HBOS banker Peter Cummings fined by regulator

Closed Halifax A closed Halifax branch, as Lloyds has cut more than 30,000 jobs since its merger with HBOS in 2008

A former HBOS executive has been fined £500,000 by the UK financial regulator over his role in the bank's collapse.

Peter Cummings, the head of HBOS corporate banking from 2006 to 2008, has also been banned from working in the banking industry, the Financial Services Authority (FSA) said.

The FSA said that, following the fine, it will now publish a report into the causes of the failure of HBOS.

Mr Cummings described the decision as "Orwellian".

Lloyds TSB was pushed into taking over HBOS in 2008, following a run on its shares.

This later led to Lloyds having to be bailed out and part-nationalised by the government.

Mr Cummings said: "For the past three and a half years I have been singled out and subjected to an extraordinary Orwellian process by an organisation that acts as lawmaker, judge, jury, appeal court and executioner.

"The FSA has never had to prove its case to anyone other than itself, and sits safe in the knowledge that few individuals can afford to take it on."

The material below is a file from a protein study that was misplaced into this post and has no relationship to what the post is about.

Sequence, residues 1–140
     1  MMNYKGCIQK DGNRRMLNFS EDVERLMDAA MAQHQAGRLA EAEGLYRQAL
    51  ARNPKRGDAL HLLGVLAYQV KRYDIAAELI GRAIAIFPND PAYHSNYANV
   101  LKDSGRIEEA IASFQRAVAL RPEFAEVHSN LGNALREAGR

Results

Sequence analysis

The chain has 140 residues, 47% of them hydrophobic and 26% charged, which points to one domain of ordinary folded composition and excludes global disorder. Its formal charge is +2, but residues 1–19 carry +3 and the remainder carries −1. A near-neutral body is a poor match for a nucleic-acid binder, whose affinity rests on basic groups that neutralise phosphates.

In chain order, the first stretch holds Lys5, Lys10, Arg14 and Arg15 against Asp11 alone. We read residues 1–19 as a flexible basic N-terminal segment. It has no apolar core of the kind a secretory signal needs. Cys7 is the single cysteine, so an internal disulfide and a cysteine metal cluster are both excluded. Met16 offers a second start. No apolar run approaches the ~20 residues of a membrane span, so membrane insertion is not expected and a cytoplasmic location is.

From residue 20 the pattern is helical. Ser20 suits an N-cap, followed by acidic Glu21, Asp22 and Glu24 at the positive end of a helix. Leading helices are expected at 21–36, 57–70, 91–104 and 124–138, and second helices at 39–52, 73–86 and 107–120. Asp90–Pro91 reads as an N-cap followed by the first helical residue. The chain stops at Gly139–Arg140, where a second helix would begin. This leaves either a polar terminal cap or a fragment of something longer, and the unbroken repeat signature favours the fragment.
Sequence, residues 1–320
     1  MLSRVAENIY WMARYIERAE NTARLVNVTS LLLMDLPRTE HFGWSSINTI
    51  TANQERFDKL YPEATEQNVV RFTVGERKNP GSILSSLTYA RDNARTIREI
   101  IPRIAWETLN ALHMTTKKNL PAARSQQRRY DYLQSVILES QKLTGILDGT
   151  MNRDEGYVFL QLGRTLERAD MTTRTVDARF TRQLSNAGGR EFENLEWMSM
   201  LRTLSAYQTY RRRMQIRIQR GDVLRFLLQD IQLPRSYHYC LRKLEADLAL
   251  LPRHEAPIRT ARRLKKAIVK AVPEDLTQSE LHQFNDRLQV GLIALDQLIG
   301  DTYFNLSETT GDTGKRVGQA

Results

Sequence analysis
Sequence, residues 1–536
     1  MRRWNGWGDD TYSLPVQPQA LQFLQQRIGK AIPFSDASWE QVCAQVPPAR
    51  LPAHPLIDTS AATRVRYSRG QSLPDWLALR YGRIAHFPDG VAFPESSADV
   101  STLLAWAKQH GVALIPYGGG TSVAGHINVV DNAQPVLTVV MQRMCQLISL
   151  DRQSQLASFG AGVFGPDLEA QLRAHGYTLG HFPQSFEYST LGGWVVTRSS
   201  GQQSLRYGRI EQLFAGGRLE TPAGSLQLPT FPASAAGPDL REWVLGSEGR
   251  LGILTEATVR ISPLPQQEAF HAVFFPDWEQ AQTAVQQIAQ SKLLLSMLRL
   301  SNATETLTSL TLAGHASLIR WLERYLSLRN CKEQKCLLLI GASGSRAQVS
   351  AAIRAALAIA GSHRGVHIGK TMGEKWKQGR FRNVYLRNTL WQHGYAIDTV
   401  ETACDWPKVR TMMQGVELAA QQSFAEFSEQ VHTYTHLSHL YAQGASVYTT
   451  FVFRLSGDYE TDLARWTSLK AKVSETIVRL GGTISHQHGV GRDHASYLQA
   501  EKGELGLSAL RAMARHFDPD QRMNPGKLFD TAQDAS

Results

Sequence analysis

'Failure'

In October 2008, as part of government plans to recapitalise banks during the peak of the financial crisis, Lloyds TSB and HBOS received £17bn of public money between them.

Lloyds, part-owned by the UK government since the crisis, has cut more than 30,000 jobs since the merger with HBOS, and its share price has fallen sharply.

"Although Mr Cummings made efforts to implement improvements between January 2006 and March 2008, he failed to take reasonable steps to assess, manage or mitigate the risks involved in the aggressive growth strategy which the Corporate Division, under his direction, was pursuing," the FSA said in its notice.

"The FSA considers that Mr Cummings' standard of conduct during the relevant period fell below that which would have been reasonable in all the circumstances.

"The aggressive growth strategy, which had a specific focus on high risk, sub-investment grade lending was pursued despite known weaknesses in the control framework, which meant that there was a failure to provide robust oversight and challenge to the business."

Lloyds, which is the biggest bank in the UK, is still 39% taxpayer-owned.

In July, it posted a half-year loss of £439m.

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